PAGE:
Why Our Firm Is Closed on Dia de Todos os Santos

As a writer and performer, my passion is really about creating nonfiction, highly personal stories and updates that really resonate with the people who read my stuff or see me on stage. As a business owner, I’m grateful to have a team of talented folks whose collective expertise helps run the company, including producing informative resources like the ones that appear here.

Twanna Hines

We are committed to cultivating a diverse team of employees and clients. Our dedication to inclusivity fosters an environment where people from different ethnic backgrounds, genders, sexual orientations, abilities, and religious beliefs can flourish.

In the spirit of inclusiveness, we respect and honor the individual beliefs of our team members, whether they hold religious or non-religious convictions, such as atheism, agnosticism, or other belief systems. It’s important to note that we observe all Portuguese and U.S. federal holidays, which may include dates of religious significance.

On November 1st, our firm observes the Portuguese holiday, Dia de Todos os Santos, commonly known as All Saints Day. This Catholic holiday holds deep significance as it is dedicated to honoring all the known and unknown church saints. As we close our doors on this particular day, we take a moment to reflect on the meaning of All Saints Day and the diverse ways in which it is celebrated.

Some people who identify as Christian may observe All Saints Day, believing its origins trace back to the early centuries of the Christian Church. It is a time to commemorate all those who have been recognized as saints by the Church and those who may not have been officially canonized but have lived lives of exceptional faith and virtue.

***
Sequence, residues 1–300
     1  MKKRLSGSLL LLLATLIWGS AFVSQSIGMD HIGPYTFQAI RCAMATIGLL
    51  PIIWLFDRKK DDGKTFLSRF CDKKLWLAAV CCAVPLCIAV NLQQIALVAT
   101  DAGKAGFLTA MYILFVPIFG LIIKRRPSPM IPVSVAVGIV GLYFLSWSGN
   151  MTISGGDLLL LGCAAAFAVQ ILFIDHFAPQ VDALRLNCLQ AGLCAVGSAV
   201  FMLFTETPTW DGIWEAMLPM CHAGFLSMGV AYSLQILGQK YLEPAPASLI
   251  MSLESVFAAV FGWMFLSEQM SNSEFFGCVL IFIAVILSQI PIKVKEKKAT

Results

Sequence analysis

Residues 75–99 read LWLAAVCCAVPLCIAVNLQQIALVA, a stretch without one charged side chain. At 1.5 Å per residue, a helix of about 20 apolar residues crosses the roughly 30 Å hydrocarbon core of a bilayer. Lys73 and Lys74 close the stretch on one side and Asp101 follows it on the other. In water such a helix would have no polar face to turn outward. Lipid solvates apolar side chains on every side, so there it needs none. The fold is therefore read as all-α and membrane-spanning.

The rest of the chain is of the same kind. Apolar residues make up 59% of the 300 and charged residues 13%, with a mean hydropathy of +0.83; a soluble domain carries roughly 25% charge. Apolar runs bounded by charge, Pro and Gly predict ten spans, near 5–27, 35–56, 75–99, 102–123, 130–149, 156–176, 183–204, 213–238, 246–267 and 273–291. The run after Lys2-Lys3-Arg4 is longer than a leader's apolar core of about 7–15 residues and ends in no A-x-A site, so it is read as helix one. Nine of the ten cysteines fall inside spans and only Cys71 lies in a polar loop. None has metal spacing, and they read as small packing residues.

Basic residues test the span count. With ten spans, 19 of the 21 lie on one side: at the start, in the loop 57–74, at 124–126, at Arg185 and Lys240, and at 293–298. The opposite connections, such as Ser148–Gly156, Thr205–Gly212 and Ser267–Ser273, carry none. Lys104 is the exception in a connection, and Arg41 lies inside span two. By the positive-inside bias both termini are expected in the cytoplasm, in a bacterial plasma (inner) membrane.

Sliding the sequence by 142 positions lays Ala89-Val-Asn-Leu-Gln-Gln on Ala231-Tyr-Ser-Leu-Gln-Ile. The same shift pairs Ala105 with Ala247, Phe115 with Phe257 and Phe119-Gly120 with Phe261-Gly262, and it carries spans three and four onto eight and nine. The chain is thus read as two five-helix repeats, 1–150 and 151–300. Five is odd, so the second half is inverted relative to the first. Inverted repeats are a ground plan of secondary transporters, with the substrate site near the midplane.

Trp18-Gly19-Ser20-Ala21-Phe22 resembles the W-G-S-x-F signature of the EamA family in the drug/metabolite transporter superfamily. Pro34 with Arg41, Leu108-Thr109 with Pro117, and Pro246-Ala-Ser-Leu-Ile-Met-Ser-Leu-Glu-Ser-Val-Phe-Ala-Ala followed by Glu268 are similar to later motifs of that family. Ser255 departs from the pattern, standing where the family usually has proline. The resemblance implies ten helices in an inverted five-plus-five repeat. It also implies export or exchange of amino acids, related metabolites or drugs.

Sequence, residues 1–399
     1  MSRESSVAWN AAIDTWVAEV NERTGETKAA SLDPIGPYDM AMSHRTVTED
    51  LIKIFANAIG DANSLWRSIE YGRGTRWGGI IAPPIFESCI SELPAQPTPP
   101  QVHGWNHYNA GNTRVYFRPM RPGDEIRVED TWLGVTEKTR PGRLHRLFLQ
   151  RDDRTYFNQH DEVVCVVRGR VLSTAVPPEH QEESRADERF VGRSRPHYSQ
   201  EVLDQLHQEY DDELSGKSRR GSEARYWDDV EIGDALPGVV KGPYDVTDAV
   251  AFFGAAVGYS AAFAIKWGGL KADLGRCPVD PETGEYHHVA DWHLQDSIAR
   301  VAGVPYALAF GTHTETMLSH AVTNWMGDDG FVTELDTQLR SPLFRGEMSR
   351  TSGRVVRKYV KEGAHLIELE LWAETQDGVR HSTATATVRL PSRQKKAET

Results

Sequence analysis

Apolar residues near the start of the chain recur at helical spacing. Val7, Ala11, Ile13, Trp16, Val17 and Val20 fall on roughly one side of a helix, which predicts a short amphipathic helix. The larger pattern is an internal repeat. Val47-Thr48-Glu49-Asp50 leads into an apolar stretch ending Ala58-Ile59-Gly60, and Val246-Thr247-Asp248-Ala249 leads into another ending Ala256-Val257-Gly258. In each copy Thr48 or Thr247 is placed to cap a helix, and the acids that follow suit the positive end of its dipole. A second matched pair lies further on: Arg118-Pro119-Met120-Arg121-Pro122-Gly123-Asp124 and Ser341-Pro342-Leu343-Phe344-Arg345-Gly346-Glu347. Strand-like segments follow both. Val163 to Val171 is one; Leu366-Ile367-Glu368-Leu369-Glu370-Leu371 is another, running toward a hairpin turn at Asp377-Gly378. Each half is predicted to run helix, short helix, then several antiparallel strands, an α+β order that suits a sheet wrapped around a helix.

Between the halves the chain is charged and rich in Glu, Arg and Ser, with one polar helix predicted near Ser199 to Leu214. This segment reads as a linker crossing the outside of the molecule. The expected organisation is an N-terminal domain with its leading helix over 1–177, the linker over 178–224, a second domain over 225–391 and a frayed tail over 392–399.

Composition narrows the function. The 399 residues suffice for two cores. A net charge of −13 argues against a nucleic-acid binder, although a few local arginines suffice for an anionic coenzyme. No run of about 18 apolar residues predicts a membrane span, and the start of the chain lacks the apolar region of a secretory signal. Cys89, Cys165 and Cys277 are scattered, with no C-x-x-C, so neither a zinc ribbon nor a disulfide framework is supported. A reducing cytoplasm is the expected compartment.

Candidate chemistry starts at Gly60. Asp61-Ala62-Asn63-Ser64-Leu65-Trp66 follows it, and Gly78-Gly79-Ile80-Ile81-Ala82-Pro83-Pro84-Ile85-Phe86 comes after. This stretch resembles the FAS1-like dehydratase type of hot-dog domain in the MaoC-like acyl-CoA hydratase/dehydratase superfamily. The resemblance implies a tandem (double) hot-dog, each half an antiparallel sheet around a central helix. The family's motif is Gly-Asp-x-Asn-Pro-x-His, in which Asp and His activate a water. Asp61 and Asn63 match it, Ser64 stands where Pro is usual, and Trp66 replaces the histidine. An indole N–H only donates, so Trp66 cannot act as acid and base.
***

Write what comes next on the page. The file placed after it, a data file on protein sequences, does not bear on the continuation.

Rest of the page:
The day carries a message of hope, reminding Catholics (over 80% of Portugal’s citizens identify as Roman Catholics) of the eternal life promised and the possibility of sanctity for all who strive to follow the path of righteousness. On All Saints Day, individuals and families gather in churches to attend special services dedicated to the saints. It is a time for prayer, reflection, and thanksgiving for the lives of those who have exemplified exceptional devotion to their faith.

Many also take this opportunity to visit cemeteries and gravesites of departed loved ones, offering prayers and remembrances for their souls. Visiting the final resting places of family members and friends is a poignant way of keeping their memories alive and acknowledging their impact on our lives. This practice is similar to the Mexican Day of the Dead that occurs on the same date. 

One of Portugal’s most beloved traditions associated with All Saints Day is the Pão-de-Deus, also known as “Bread of God” or “Holy Bread.” On this day, children are encouraged to also participate in this time-honored custom by going door-to-door in their neighborhoods, singing and reciting prayers in exchange for sweet treats or small gifts. The point of the tradition is to foster a sense of community as neighbors come together to welcome the children and share in the celebration of faith and goodwill.

As we close our doors for the day, we extend our warmest wishes to all who observe it. Regardless of how you choose to observe—or even if you don’t observe it at all—may your day be filled with reflection, gratitude, and heartfelt connections with family, friends, and community. Let us always embrace unity, compassion, and understanding among us all.